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Re: Proposal for a Permissions API

From: Florian Bösch <pyalot@gmail.com>
Date: Sat, 21 Mar 2015 22:47:35 +0100
Message-ID: <CAOK8ODjyfPiYa3HLYLKKNUBV1PVem=E3rnSiquHjHtOgfxo8xA@mail.gmail.com>
To: Jeffrey Yasskin <jyasskin@google.com>
Cc: Mounir Lamouri <mounir@lamouri.fr>, Dave Raggett <dsr@w3.org>, Webapps WG <public-webapps@w3.org>
Time to revise this topic. Two data points:

1) Particularly with pointerlock (but also with other permission prompts
that sneak up on the user) I often get the complaint from users along the
lines of "I tried your stuff, but it didn't work." or "I tried your stuff,
but it asked me to do X, I don't think it works".

2) MRI scans show that user attention dramatically drops when presented
with a security prompt:

Permission/Security prompts are bad UX. Particularly the kind you need to
prompt the user with along the way. And within that, even worse are the
ones that pop up again and again (like the fullscreen popup).

On Wed, Oct 1, 2014 at 7:34 PM, Jeffrey Yasskin <jyasskin@google.com> wrote:

> On Wed, Sep 3, 2014 at 3:29 AM, Mounir Lamouri <mounir@lamouri.fr> wrote:
> > On Wed, 3 Sep 2014, at 04:41, Jonas Sicking wrote:
> >> I'm generally supportive of this direction.
> >>
> >> I'm not sure that that the PermissionStatus thing is needed. For
> >> example in order to support bluetooth is might be better to make the
> >> call look like:
> >>
> >> permissions.has("bluetooth", "fitbit").then(...);
> >
> > That's more Permission than PermissionStatus, right?
> >
> > What you proposed here would probably be something like that in WebIDL:
> > Promise<> has(PermissionName name, any options);
> >
> > But really, we could make that option bag be a dictionary because it
> > gives good context about what you are passing like what does "fitbit"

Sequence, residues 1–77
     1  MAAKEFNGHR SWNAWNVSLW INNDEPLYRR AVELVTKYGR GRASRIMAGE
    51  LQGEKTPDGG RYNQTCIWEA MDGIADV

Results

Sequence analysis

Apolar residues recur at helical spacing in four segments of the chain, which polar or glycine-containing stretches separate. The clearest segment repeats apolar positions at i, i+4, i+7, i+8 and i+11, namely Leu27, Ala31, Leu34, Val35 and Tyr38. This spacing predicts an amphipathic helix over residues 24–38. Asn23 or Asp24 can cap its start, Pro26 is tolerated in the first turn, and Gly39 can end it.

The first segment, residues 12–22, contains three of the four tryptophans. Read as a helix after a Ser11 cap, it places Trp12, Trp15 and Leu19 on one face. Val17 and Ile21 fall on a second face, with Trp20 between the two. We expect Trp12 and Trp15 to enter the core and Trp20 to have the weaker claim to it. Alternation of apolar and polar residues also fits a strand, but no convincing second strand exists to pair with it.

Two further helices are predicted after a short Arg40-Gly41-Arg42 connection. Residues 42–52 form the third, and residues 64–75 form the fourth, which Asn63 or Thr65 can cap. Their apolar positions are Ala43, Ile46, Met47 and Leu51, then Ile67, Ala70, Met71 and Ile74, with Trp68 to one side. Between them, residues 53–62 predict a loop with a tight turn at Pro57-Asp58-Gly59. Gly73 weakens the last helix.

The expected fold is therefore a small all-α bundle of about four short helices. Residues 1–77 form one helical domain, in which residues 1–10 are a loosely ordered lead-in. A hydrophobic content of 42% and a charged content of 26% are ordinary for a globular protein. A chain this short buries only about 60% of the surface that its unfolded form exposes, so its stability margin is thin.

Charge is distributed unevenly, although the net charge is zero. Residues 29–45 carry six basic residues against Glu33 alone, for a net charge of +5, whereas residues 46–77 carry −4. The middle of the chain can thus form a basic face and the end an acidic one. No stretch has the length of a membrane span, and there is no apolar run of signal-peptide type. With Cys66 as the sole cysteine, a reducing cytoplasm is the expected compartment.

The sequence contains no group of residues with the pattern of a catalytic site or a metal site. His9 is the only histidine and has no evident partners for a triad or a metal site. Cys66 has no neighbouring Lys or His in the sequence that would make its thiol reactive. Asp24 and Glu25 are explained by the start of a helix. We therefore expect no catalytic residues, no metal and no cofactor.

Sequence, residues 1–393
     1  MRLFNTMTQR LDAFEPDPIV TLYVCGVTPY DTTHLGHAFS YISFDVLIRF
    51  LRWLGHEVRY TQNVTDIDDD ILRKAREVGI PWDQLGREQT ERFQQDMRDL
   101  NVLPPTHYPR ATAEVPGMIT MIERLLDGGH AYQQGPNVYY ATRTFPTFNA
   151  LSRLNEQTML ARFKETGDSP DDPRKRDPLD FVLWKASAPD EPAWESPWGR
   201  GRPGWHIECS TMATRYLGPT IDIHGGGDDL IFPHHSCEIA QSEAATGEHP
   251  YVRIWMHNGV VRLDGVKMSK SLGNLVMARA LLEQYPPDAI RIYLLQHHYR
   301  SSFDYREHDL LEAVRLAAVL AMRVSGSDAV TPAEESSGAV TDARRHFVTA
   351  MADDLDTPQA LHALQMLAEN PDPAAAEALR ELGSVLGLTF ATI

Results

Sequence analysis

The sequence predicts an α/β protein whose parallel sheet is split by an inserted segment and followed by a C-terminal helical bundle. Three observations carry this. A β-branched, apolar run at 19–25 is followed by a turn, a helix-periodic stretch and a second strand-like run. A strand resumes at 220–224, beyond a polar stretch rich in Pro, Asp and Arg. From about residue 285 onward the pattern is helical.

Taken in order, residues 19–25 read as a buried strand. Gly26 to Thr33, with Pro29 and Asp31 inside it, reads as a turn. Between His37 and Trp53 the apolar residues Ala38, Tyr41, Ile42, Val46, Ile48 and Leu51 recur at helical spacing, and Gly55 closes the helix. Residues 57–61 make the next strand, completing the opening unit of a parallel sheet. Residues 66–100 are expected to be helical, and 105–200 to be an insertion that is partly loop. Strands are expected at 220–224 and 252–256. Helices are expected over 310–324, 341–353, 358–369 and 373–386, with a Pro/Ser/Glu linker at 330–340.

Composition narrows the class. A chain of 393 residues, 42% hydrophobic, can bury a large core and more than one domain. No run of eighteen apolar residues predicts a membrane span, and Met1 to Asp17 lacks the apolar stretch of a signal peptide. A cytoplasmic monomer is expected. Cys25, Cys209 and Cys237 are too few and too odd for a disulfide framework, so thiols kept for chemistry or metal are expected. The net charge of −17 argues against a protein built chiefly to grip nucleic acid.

> > means here? Is that a black listed device or a white listed one? The one
> > you want to target?
> >
> > I agree that it might be unusual to have a required "name" than might
> > often be used alone but it makes the API way more javascript-y and self
> > explanatory. IMO, this call is nicer to read than the one you wrote
> > above:
> >   permissions.has({ name: 'bluetooth', devices: 'fitbit' });
> > because I understand what the call is trying to do. In addition, as you
> > pointed, it gives a lot of flexibility.
> Belatedly, I'd like to suggest a slightly different model. Instead of
> trying to stuff arbitrary queries into the permissions.has() call,
> maybe expose the current permissions as data, and let the application
> inspect them using custom code. This is likely to work better for
> Bluetooth, since we're planning to have pages request devices by the
> Services they expose, not their deviceIds, and a page may want to
> check for either an available device exposing some services, or that a
> device they've already opened hasn't been revoked.
> Getting permission revocation to update a UI correctly is also an
> interesting problem. You could expose an event on permission change,
> but given that templating frameworks are moving toward
> Object.observe() to update themselves in response to model object
> changes, that would require developers to write extra code to
> propagate the permission changes into their models.
> So what if navigator.permissions just _was_ a suitable model object?
> Make it, say, a Map from permission-name to an object defined by the
> permission's standard, and extend Map to expose enough synthetic
> change records that Object.observe(a_map) is useful.
> Jeffrey
Received on Saturday, 21 March 2015 21:48:03 UTC

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